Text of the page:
I am often asked if I have seen any emerging trends since the reopening of casinos post COVID-19 mandated closures early this year. The answer is yes, I have.

While this trend is not new, the electronic table games (ETG) sector is outpacing our expectations in popularity, placements and, most recently, performance.  For those readers who attended last year’s Eilers & Krejcik Gaming’s G2E Briefing, we predicted the segment would likely account for 2.5 percent of casino mix by 2022. However, in March of this year through to the end of August, ETG performance has improved by 14 percent (see chart on this page). 

A 14 percent bump in performance may not be significant when comparing a new video reel cabinet to an older variant, as I did in my January 2020 Slot Management & Marketing column, but a 14 percent increase in a segment that has experienced five to 10 years of strikingly flat performance is significant. Like in many other industries, performance and popularity usually leads to more sales and, specifically in the case of casinos, more placements and floor share (see chart on page 9).



The ever-heightening need for casinos to run more efficiently signals a great opportunity for the ETG segment, which is now beginning to couple reduced labor needs with increased performance. This combination is especially valuable in high-demand markets and at non-peak gaming times. The efficiencies created by the utilization of ETGs start with effectively running the same live table games but without the labor cost of dealers and supervisors managing wagers, payouts and player ratings. An average live craps table requires, at a bare minimum, four full-time equivalents (FTEs) to run effectively for an eight-hour shift or 12 FTEs daily—two dealers, one stick person and an additional dealer serving as a breaker. Additionally, that base FTE estimate does not include the additional salaried position needed to supervise the pit or the boxman to manage wager payments, buy-ins and cash-outs at a craps table. 

While craps tables are at the high end of the FTE requirements, the auto-generated outcome from an ETG creates similar labor savings across all table games without much compromise to game performance, a gap that is getting closer as the past five months of ETGs in markets across the U.S indicate.

Electronic table games also provide opportunities for social distancing and cleanliness, which are an increased benefit in the current operating climate. The ability to run a game without the presence of a dealer creates one less contact point for customers at every casino. Additionally, the automated payouts from a betting terminal replaces the back-and-forth exchange of casino chips between the house and player in turn creating a chipless experience that speeds up gaming as instantaneous payouts allow for more hands per hour, a benefit many ETG suppliers are quick to promote.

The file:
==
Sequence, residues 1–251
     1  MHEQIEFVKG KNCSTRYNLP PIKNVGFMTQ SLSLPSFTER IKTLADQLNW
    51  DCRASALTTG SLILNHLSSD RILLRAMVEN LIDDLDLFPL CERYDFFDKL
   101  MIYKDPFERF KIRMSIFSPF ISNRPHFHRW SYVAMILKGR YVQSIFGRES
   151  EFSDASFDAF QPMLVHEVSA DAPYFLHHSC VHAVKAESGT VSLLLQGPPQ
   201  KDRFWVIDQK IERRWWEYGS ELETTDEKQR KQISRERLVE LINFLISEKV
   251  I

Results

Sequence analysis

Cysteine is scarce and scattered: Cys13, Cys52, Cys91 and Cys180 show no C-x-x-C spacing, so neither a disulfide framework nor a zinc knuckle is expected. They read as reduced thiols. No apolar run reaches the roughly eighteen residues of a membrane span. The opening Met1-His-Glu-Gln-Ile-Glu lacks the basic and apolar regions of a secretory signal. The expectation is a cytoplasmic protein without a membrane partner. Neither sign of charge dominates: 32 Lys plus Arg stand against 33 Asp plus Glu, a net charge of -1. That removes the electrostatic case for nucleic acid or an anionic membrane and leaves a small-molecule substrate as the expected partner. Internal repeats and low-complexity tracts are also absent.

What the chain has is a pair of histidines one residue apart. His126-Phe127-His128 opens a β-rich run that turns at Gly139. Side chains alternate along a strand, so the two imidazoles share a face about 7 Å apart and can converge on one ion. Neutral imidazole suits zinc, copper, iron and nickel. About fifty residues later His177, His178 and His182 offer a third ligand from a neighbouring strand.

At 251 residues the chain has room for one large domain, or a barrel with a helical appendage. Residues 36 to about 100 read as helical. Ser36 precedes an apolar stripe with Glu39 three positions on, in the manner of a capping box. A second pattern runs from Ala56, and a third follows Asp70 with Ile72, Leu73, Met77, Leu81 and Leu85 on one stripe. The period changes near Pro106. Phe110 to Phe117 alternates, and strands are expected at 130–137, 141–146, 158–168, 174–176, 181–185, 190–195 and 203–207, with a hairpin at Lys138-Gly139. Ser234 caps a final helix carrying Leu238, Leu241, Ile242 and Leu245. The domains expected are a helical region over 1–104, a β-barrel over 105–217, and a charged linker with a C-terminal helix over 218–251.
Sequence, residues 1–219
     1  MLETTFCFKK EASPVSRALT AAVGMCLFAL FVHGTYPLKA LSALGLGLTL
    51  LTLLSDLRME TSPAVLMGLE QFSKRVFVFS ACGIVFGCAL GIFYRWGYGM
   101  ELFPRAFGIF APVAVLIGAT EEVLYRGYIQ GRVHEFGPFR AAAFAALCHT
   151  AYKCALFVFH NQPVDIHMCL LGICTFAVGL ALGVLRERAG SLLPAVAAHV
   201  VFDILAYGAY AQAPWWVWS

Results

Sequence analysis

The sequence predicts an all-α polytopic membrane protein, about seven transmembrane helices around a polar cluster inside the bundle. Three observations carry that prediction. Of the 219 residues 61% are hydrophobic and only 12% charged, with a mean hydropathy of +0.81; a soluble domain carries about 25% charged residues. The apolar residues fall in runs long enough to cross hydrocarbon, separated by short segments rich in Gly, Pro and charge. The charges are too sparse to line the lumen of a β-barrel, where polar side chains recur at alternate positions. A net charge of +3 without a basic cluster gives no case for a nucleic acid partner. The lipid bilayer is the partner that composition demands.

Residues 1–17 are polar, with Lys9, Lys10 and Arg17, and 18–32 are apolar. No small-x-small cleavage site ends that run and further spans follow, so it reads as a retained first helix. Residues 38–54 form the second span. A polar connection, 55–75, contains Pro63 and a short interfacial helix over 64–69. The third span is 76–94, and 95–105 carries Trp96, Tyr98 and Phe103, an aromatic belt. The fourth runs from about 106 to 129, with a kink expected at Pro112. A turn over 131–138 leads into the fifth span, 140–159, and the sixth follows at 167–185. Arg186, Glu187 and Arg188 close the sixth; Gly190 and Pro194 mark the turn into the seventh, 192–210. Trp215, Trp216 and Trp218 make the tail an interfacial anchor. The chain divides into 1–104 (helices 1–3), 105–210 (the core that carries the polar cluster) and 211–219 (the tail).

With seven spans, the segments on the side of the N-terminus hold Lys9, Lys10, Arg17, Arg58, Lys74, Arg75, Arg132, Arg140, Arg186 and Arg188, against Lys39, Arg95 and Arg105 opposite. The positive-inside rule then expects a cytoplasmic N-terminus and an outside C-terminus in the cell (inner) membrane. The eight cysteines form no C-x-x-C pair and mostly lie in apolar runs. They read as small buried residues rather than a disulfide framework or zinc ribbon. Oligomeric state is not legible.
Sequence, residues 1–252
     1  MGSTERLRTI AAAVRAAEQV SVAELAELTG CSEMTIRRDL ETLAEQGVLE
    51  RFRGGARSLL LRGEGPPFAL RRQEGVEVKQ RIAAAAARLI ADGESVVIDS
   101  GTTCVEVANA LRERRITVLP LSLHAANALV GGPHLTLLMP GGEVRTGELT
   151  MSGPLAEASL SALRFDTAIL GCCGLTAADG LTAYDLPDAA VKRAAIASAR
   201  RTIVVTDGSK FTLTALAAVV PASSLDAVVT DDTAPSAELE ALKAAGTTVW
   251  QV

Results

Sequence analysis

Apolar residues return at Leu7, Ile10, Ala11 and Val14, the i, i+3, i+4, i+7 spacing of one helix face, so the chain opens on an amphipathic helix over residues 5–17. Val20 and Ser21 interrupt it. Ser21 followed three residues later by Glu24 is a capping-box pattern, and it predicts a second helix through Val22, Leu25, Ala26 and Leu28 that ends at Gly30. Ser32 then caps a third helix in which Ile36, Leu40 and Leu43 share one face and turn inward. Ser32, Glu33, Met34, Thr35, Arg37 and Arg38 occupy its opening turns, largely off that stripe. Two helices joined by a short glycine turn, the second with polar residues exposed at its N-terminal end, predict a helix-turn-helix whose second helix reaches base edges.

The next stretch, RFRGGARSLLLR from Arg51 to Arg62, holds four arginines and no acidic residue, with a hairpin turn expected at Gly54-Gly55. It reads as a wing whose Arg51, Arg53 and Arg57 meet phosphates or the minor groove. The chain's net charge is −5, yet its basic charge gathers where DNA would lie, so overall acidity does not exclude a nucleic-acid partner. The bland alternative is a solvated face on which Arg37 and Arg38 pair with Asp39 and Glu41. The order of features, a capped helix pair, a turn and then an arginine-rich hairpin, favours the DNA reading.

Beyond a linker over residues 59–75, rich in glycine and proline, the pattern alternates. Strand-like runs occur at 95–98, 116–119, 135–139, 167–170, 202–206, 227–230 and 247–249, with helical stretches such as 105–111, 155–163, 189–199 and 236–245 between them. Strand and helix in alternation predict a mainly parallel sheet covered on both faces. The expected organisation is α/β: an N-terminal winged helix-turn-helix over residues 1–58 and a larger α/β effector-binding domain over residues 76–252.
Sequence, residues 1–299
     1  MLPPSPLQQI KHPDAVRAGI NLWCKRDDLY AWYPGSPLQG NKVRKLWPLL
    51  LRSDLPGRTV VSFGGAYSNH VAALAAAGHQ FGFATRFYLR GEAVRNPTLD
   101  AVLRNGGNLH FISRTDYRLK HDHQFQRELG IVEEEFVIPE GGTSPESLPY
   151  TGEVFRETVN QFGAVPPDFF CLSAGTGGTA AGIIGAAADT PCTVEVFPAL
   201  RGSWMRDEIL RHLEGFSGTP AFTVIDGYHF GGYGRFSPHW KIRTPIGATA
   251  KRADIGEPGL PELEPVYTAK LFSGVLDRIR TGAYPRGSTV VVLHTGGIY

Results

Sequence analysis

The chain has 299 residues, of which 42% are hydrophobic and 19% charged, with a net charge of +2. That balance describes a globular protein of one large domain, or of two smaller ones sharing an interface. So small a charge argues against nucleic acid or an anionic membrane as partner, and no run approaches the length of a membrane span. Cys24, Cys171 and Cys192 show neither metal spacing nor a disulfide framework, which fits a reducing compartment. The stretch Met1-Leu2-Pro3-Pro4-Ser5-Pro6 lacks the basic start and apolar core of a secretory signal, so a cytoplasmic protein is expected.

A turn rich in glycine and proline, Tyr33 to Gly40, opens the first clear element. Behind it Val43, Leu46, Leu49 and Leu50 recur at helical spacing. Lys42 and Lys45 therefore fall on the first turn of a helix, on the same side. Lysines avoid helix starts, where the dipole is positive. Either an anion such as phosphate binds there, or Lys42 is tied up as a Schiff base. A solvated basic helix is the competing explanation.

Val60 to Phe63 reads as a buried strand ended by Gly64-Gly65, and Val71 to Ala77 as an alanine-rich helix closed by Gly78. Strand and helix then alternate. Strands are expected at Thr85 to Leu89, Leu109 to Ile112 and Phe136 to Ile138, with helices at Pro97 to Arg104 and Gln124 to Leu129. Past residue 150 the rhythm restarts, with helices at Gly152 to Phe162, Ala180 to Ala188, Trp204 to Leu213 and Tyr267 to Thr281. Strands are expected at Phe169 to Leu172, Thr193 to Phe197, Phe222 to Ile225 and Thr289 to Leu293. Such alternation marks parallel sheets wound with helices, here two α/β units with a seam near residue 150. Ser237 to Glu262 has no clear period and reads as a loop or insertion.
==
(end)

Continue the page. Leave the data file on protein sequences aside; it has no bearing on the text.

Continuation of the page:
While stated in the opening of this column that the ETG segment performance remained relatively unchanged for the past five to 10 years, this does not highlight the various improvements to the cabinets and user interfaces. Supplier development is at an all-time high, with the goals of increasing player engagement and attracting current live table games players from the often younger and inexperienced crowds that flocked to ETGs in the past. While the game of roulette will always fundamentally be roulette, blackjack will always be blackjack and so on; the evolution of the ETG segment has made strides in attracting new players and offering more modularity to casino operators than traditional table games. 

The emerging “stadium gaming” configuration, in which outcomes for often dozens of gaming devices are determined by three or four automated or dealer-assisted stations, is increasingly replacing the traditional ETG configuration in which six to 10 gaming devices surround one automated outcome generator. The presence and popularity in regional markets across the U.S. and Canada has shown great demand for the stadium gaming ETGs. 

Dealer-assisted stations have also become more prevalent as established table games players remain devoted to seeing actual cards flipped, real dice thrown and roulette balls spun by hand. These hybrid ETG models continue to evolve as shown by Roll to Win Craps, Aruze Gaming America’s G2E hit, which began gaining placements earlier this year and continued as casinos reopened in California, Indiana, Oklahoma and Louisiana with pending installation approvals in Canada. In a best-of-both-worlds approach, the Roll to Win Craps table allows players to physically throw the dice across a stylish new electronic table felt outfitted with electronic gaming devices to eliminate chips and dealers taking live wagers. 

In addition to new hybrid ETGs reimagining the player experience, other ETG models have undergone major software improvements to their user interfaces and developed new hardware to meet individual casino needs, all as a way to remain competitive and meet the demands of the growing market.       

With sales and leased units on a decline in conjunction with the overall installed base reduction, I still believe the ETG trend is strongly on the rise and am maintaining our 2022 estimates for this growing segment, which has recently seen a major increase in terms of performance. While the performance metrics shared in this article do not account for the entire market, all statistics are taken from the EILERS-FANTINI Central Game Performance Database (GPD), which is the industry’s largest repository of slot performance data covering approximately 25 percent of the North American market.